China banned an annual dog-eating festival after a large public outcry over the way the animals were killed. The event in Qianxi Township outside Jinhua City in Zhejiang Province has been going on for 600 years, but both local and international outrage has stopped the event.
The festival has garnered negative publicity in recent years as vendors began displaying live dogs to customers. The dogs would be killed in front of buyes to prove that the meat was fresh and safe, according to Chinese state news agency Xinhua.
Hundreds of thousands of Chinese took to Weibo, a social media network, to show their distaste with the festival, and in an online poll, users voted with a 90 percent majority to end the practice.
The government's quick response should be encouraged. I hope eating dogs will not be a custom there anymore. It's not a carnival, but a massacre, wrote activist Junchangzai on Weibo.
Despite the fact that even many Qianxi residents were happy with the ban, others were saddened by the loss.
Continue Reading Below
It's our tradition, which the government has no right to ban, a villager told The Qianjiang Evening News. The dog-eating carnival is like the Spring Festival to me.
The tradition started after a 14th century battle, when an army invading Qianxi secretly killed dogs so that the animals' barks wouldn't give away its position. When the city was sacked, the army held a celebratory feast and served the meat from the slaughtered dogs.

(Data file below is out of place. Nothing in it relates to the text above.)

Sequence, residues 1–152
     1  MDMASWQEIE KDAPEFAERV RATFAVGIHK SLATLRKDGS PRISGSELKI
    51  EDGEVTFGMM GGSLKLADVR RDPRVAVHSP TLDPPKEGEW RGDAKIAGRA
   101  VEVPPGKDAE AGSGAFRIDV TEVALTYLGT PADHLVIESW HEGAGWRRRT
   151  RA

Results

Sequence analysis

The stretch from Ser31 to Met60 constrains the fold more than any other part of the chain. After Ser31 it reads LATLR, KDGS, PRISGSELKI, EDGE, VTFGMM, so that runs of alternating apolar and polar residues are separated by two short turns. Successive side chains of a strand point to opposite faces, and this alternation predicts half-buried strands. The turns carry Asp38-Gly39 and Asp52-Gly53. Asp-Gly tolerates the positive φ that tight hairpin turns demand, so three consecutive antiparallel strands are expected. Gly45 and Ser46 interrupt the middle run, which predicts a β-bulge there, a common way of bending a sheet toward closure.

Each year after, citizens commemorated the conquering Ming Dynasty emperor Zhu Yuanzhanga by snacking on dog.
Dog meat has been a staple in China since at least 500 B.C., and it's still socially acceptable and was even eaten by Chinese astronauts in space. Recent criticism has primarily focused on the treatment of the dogs, many of which are bred solely to be consumed.
Dogs and cats in small cages aren't an uncommon sight at a local meat market, and an estimated 10 million dogs are killed each year. While the practice is still a vibrant tradition, the government has been cracking down on cruelty, and issuing harsh fines of up to 500,000 yuan ($73,500) for the sale of meat.